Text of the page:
“If you would not be forgotten as soon as you are dead and rotten, either write things worth reading or do things worth the writing.” – Benjamin Franklin
You've probably read or heard many epigrams in your lifetime, even if you've never heard the term epigram. The one above, from a man who is known for many epigrams, is a good example of what they are and are not. But it's important to make a distinction between an epigram, an epigraph, an aphorism, and a proverb. And that's just what we'll do in this article on Epigram Examples.
- The definition of an epigram.
- Differentiating epigrams from other literary terms.
- Examples of modern and classic epigrams.
Table of contents
What is an Epigram?
An epigram is a short poem or witty saying that deals with a single thought or idea. There are two key things to remember about epigrams. The first is that there's generally some wit, satire, or comedy in the saying, which differentiates an epigram from other, similar literary terms.
The second is that epigrams are often — though not always — in the form of very short poems. For something to be an epigram, it needs to meet one of these two criteria — or both.
Epigram vs Proverb
A proverb and an epigram are often easily confused. A proverb is also a short, often witty statement, just like an epigram. They usually pertain to life in general terms. But the main difference is, proverbs are not often accredited to anyone.
Some of the most common proverbs are those you hear people say so much that they have even become cliches. Here are some examples of proverbs:
“A bird in the hand is worth two in the bush.”
“Ignorance is bliss.”
“Fortune favors the bold.”
Epigram vs Aphorism
There are slight differences between epigrams and aphorisms. Both are brief, witty, and often deal with a single idea or universal “truth.” But the big difference lies in tone. Aphorisms can range in tone from comedic to serious and everywhere in between. Also, aphorisms are not usually in verse form.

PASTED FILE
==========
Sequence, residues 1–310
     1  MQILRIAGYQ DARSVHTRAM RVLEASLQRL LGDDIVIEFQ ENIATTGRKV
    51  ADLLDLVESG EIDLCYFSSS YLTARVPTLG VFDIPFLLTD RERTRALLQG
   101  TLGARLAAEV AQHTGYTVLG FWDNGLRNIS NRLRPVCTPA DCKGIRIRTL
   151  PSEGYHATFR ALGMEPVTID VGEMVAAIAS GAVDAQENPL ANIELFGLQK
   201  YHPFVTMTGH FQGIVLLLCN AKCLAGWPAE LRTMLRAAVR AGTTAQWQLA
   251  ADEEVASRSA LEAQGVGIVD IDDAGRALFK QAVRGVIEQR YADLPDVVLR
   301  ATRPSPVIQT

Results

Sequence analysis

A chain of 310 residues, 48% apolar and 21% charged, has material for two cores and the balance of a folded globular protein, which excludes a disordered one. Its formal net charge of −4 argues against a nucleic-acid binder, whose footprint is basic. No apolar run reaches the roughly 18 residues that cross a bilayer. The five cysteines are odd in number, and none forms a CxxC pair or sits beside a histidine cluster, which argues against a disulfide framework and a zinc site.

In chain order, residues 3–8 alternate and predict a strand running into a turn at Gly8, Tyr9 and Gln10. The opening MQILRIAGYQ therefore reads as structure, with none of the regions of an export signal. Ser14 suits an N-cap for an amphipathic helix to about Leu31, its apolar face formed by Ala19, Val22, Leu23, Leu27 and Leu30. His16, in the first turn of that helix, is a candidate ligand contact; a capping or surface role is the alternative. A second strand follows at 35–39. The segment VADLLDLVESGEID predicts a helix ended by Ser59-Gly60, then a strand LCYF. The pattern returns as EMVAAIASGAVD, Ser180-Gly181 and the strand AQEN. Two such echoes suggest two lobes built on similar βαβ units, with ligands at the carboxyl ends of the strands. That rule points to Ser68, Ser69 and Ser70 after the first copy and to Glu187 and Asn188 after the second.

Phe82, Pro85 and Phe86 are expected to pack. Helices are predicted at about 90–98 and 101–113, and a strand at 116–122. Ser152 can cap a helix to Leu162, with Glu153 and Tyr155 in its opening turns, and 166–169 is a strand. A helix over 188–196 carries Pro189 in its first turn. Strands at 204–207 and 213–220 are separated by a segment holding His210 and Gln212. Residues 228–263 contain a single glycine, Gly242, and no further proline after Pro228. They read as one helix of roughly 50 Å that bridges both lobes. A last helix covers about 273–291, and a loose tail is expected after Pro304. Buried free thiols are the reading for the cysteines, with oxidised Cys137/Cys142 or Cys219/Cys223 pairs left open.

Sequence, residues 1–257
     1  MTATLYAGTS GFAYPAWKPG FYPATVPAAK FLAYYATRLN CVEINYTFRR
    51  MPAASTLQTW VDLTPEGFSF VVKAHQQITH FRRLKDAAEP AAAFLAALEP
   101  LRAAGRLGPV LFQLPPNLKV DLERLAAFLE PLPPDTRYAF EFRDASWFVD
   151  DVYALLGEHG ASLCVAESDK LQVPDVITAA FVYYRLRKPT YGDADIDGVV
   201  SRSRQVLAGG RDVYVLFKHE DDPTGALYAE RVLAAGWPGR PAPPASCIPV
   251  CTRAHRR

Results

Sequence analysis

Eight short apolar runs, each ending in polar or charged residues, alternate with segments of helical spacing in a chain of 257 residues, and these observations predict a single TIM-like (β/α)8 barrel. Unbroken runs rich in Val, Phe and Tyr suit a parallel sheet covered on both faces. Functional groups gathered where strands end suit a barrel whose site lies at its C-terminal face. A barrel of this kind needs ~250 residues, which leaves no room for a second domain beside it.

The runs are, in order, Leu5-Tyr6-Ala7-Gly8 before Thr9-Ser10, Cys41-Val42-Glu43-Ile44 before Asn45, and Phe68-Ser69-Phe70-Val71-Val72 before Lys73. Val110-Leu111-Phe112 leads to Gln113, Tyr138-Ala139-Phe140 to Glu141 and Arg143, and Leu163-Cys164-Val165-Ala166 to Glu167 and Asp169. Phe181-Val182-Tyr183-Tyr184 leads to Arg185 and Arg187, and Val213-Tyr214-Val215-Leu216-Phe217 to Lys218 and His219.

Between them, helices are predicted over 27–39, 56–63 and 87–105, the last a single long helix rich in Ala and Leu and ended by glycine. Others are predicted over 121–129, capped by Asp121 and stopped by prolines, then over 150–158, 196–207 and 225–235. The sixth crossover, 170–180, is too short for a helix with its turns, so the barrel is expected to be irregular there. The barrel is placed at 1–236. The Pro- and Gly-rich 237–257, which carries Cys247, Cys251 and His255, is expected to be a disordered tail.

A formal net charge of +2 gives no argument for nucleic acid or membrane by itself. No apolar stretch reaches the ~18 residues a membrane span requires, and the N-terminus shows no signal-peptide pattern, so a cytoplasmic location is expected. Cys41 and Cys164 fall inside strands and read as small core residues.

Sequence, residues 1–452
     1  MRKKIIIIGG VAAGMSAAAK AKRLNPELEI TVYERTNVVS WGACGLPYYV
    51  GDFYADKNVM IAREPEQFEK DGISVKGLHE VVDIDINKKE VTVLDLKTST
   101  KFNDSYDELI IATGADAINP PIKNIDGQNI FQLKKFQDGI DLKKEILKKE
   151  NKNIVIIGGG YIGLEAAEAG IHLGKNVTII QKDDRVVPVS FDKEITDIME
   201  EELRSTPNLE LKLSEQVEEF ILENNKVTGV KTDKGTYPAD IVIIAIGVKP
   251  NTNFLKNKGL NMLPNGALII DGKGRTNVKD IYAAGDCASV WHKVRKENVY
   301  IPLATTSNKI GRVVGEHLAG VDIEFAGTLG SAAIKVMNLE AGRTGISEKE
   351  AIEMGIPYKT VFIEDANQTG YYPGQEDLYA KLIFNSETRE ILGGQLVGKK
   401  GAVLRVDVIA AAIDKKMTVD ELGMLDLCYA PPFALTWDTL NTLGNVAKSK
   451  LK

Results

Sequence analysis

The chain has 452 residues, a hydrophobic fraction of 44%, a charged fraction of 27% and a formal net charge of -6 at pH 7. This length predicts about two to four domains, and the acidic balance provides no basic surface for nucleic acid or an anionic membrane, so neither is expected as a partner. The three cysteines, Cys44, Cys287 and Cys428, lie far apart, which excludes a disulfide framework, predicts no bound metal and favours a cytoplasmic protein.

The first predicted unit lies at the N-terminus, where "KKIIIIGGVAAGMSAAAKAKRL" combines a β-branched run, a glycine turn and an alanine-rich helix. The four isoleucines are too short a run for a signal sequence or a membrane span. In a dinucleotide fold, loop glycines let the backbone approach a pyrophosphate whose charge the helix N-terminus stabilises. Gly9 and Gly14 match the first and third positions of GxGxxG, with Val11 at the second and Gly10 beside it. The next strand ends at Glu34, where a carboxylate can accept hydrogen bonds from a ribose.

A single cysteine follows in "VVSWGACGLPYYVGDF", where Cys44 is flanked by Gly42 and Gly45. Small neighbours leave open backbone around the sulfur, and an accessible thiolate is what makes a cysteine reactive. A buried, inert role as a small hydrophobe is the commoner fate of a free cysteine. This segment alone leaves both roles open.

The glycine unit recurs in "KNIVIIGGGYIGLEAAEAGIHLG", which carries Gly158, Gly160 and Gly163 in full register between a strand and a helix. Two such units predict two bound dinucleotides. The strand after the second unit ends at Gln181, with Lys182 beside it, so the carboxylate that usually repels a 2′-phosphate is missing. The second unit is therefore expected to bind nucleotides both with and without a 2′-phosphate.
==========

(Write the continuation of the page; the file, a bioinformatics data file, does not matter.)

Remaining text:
Epigram vs Epigraph
Thanks in no small part to the similar spelling, epigrams and epigraphs are often confused. An epigram comes at the beginning of a story, chapter, or literary text in the form of a saying, quote, poem, or even a proverb. An epigram stands on its own, although it can be taken from the author's larger works, as is often the case.
An epigram can be used as an epigraph when placed at the beginning of a literary text. However, given the wide range in tone and style, epigraphs are not constrained by such a narrow definition as a short, witty poem that stands on its own.
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Greek and Latin Epigrams
The word epigram is derived from the Greek word for inscription. In fact, in Ancient Greek times, they inscribed short poems on funeral urns, statues, and headstones. The Hellenistic epigram is perhaps the most well-known, as it became its own literary genre during that period of history.
But while the epigram poem is still recognized today, we've revised our definition to include the modern epigram, which doesn't necessarily have to be in verse form. But those epigrams not in the form of short poems are usually denoted by some sort of wit, humor, or satire.
Below, we give you a wide range of epigrams. Like other literary devices, epigram norms have changed since the days of ancient Greece. So to fully understand the epigram, we have included everything from classic to modern examples. You'll also see several epigrams from the same author. Certainly, some writers have excelled at creating memorable epigrams throughout history. And chances are you'll recognize at least one famous epigram below.
“We are all in the gutter, but some of us are looking at the stars.”-Oscar Wilde
“Live simply, so that others may simply live.”-Mother Teresa
“So all my best is dressing old words new, Spending again what is already spent: For as the sun is daily new and old, So is my love still telling what is told.”-William Shakespeare